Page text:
Once upon a time, most cash buyers were simply well-heeled individuals in search of humble living quarters. Or spoiled rotten heirs, spending Mom & Dads money foolishly. They didn’t have to bargain and squabble like the rest of us. There was very little method to their madness. If they wanted it, they got it. It was a lifestyle purchase fueled by sheer preference, well within their financial means. Their agents facilitated the purchase on their behalf while they endured another three-martini lunch.
What we’re seeing now represents a whole new realm. The playing field and number of competitors on it, is game changing. First time homebuyers in the current market are potentially competing against: other buyers, flippers, landlords, portfolios, trusts, and yes, even the very agents that used to only represent consumers. Now they compete with them.
Still not a big deal? Let’s throw another log on the fire…
Enter >>> The “Agent/Owner” or “Owner/Agent” Whichever sounds more incriminating to properly identify what they add to an already dangerous mix.
Exhibit A: Working with a local buyer recently interested in a home listed for $245,000. A rare find these days, especially in this zip code. These listings sell quickly unless they are built on an ancient burial ground. Needless to say, cash is king in presenting attractive offers in this overwhelmingly seller’s market. Not surprisingly, the seller is flooded with showings immediately and the property is under contract before we even have a chance to see it. Better luck next time.
Fast forward a week, the very same property is back on the market for sale. The previous deal must have fallen through. Upon researching it further, I discover the original sale did close. It was bid up and sold for $260,000. The new owner has it back on the market within 5 days for $290,000. No time to have made changes or improvements, the home is being marketed for sale “As-Is”, the same conditions under which it was purchased.
Here's how it shakes down:
*The property is re-listed for a cool $30,000 more than it was purchased for a week earlier
*The new owner/seller is an Agent from out of state acting on resources and advantages that consumers often gain access to after it’s too late to make moves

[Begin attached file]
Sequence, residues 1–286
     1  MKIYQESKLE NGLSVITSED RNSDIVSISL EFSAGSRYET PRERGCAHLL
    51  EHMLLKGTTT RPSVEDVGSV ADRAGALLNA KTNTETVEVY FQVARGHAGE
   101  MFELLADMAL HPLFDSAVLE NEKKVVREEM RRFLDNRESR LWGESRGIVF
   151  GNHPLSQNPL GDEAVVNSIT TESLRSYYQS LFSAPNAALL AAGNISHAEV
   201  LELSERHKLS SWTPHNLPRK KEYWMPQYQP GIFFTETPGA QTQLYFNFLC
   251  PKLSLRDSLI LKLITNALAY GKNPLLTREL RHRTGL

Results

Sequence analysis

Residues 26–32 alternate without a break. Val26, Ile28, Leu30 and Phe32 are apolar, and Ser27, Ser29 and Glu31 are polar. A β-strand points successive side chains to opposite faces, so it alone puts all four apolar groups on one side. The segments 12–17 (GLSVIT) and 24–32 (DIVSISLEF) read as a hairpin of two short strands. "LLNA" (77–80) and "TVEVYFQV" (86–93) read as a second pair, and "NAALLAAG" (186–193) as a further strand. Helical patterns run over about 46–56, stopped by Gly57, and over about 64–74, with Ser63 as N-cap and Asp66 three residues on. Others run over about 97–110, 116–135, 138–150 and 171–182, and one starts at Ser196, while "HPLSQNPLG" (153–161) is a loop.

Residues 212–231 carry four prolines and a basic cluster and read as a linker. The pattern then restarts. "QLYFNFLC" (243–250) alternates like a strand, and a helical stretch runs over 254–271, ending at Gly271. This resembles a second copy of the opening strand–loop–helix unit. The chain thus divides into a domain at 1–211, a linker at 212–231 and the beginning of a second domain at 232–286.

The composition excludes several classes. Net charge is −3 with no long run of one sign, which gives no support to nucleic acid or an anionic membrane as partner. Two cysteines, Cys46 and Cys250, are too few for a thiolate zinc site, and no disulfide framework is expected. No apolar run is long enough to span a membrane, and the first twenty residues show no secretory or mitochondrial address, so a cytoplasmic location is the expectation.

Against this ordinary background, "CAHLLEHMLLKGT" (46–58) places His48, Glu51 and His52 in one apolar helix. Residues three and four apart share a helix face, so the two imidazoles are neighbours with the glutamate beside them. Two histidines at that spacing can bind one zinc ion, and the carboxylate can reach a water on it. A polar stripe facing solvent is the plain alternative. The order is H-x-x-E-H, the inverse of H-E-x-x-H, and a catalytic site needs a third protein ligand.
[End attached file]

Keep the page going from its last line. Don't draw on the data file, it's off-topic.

*It’s already under contract once again, and likely for a handsome profit due to virtually no inventory in the market
*This new sale price will be recorded, utilized moving forward and most definitely drive new appraisal values even higher. Extreme supply and demand imbalance fueling another bubble
Now, if this were your average buyer, flipper, or investor making this play, so be it. Pocket the cash, pay your capital gains and move along. But the fact that it was an agent acting on her own behalf from out of state, and bagging consumers in the crossfire leaves me struggling to keep my lunch down. On one hand, it’s a free market and the agent is free to do this as long as she identifies herself as an “Agent/Owner”. Still makes me wanna puke, given the circumstances. Perhaps I’m just naïve to the harsh ways of the world. Maybe I need to cultivate my inner Machiavelli.
But…. What’s the point of being an “Agent” acting in an “Agency” capacity as we’re led to believe, if we’re leveraging it in ways that end up screwing the very people we’re allegedly tasked with representing? Or is this, as they say, “just business”? It appears we’ve entered a culture of dog-eat-dog acceptance at all costs, placing us on trial for being a sucker if we don’t cash in, until we’re ultimately convicted of doing the right thing. Welcome to the real world. It likely won’t change, but our views of it can…
Posted by Buddy Kane on